Ashwin Tripathi reviews Na Leanai

In my six months living in Northern Ireland I have had few opportunities to experience cultural activities and tonight, thanks to the Monthly and the Out to Lunch Festival, I am experiencing traditional Irish music for the first time.

My understanding is that this group, Na Leanai (“the children” in Irish) is a group which has an impressive lineage. They are the children of Sands family members, and the Sands family are, as I understand it, a very important musical group within the Irish traditional genre.


Immediately the show begins I feel that I am witness to a particular process; that of the generational transference of skills, and there is something in that transference from older family members to younger family members that reminds me of how traditional songs are learnt in my native India.

My first impression from the stage was a truly powerful image of a young generation confident in carrying their roots, but able and open to adapting and changing the musical form. Yes, they share blood lines, along with childhood memories and passed-on knowledge, but they project a sense that they add in their own elements to the show; that they make a contribution to the genre. The intense and vehement pitches made me wonder how similar this music sounds to classical Indian music. I would say that in some cases, to my ears, the underlying sounds were indistinguishable.


As the show veered towards songs with a geographical orientation, Irish places names were referred to, this led to a much higher level of audience involvement.
At this point the show became mesmerizing, my untrained ear detecting a blend of traditional and modern music. There was a clear connection with the audience, and the audience responded, tapping their feet in sync with the music.

The song “Bring them all in my heart” (I’m hoping that I have the correct title), was the quintessential ending to the event after which the group reappeared due to an overwhelming response from the audience. They sang a unique rendition of Auld Lang Syne, the one song that almost everyone in the audience appeared to be familiar with.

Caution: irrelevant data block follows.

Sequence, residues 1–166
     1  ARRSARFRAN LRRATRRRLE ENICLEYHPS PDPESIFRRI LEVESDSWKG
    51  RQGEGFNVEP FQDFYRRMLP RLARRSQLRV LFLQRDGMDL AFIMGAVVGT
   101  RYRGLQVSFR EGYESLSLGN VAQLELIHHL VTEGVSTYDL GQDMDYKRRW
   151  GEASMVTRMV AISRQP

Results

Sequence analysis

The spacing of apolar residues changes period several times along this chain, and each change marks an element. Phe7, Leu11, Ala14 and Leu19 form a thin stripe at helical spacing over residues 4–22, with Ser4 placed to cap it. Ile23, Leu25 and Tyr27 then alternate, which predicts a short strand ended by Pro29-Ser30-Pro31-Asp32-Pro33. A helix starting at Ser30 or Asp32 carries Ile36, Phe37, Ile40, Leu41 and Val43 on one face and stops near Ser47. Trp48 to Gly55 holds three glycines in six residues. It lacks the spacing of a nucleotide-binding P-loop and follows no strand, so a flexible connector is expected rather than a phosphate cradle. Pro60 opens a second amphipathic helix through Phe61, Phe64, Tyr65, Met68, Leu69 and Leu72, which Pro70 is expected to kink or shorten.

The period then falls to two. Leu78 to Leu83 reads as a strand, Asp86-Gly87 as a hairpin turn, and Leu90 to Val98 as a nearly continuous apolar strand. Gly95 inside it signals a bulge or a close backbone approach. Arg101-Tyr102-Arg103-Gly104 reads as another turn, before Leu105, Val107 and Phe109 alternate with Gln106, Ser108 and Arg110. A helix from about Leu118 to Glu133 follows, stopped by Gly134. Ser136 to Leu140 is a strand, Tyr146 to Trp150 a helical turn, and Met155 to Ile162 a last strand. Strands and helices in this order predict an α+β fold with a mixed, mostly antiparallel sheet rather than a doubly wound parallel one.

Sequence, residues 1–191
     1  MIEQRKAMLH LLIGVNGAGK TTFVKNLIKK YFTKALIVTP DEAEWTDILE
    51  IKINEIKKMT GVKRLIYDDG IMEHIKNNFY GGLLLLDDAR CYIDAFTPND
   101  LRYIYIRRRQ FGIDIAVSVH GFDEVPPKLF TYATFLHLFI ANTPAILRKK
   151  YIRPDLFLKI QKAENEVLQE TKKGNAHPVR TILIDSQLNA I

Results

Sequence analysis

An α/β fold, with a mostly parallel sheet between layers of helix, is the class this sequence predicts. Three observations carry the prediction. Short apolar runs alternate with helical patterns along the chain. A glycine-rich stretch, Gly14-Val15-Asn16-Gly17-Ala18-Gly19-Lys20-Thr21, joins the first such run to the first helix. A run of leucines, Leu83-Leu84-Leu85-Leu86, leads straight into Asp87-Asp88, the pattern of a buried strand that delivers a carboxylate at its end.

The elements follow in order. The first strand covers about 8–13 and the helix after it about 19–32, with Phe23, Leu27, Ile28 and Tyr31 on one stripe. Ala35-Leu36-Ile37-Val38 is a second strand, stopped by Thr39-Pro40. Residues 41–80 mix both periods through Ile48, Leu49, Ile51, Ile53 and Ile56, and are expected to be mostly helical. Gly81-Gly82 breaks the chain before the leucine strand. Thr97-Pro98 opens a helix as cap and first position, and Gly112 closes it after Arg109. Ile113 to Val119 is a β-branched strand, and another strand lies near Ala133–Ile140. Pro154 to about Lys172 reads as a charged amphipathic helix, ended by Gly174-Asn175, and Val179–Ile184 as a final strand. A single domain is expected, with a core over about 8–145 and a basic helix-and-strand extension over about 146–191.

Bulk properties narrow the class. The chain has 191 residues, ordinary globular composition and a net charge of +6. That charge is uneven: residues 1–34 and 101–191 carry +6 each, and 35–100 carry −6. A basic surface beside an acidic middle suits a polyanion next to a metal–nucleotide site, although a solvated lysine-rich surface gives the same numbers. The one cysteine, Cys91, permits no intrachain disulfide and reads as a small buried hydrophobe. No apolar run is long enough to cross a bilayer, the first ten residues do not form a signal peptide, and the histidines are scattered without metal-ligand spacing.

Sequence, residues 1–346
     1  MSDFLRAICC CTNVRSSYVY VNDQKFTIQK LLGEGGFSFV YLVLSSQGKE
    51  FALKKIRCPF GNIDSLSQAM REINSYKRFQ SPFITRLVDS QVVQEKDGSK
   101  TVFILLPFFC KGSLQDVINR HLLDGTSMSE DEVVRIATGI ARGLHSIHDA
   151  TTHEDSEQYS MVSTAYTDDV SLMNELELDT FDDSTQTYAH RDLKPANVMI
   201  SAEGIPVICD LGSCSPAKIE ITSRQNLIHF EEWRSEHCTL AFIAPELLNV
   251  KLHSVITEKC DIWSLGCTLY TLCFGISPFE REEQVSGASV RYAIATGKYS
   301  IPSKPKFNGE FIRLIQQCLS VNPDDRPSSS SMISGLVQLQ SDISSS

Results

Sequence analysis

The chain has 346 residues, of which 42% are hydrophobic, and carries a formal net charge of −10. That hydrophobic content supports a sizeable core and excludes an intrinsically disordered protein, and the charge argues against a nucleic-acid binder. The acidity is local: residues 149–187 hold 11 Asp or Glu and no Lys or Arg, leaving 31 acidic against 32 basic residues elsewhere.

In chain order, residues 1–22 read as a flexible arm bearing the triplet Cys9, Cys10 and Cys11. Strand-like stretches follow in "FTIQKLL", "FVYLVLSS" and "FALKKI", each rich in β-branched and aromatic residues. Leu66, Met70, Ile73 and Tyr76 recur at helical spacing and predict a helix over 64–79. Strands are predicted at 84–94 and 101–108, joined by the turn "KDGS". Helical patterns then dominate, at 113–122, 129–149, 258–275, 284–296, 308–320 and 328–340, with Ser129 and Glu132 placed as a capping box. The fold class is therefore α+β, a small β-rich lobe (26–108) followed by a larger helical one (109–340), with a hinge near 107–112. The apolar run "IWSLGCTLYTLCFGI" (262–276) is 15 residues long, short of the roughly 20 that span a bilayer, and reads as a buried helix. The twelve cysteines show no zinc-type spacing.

Attending this event has made me want to investigate more local sounds and cultural offerings while I am here. Beyond that I have found myself researching what is known as the Celtic-Vedic musical connection.


This connection according to recent research was initiated by meetings between the Druids (Celtic priests) and the Brahmin (Hindu priests) thousands of years ago, possibly in Europe, as people from different cultures migrated beyond their own geographical confines.

They shared myths, stories, songs and cultural orientations, and these elements, so some theorists suggest, are contained in both Irish and Indian music today.

Despite having no knowledge of the Irish folk tradition or any knowledge of the group, Na Leanai, I found myself able to connect with the music because, I think, of the underlying rhythmic and melodic orientation which I found similar to that heard in my homeland.

Ashwin Tripathi from Lucknow, India is studying for a Masters in Social Anthropology at Queens University. She is interested in Tribal Studies and Folklore.

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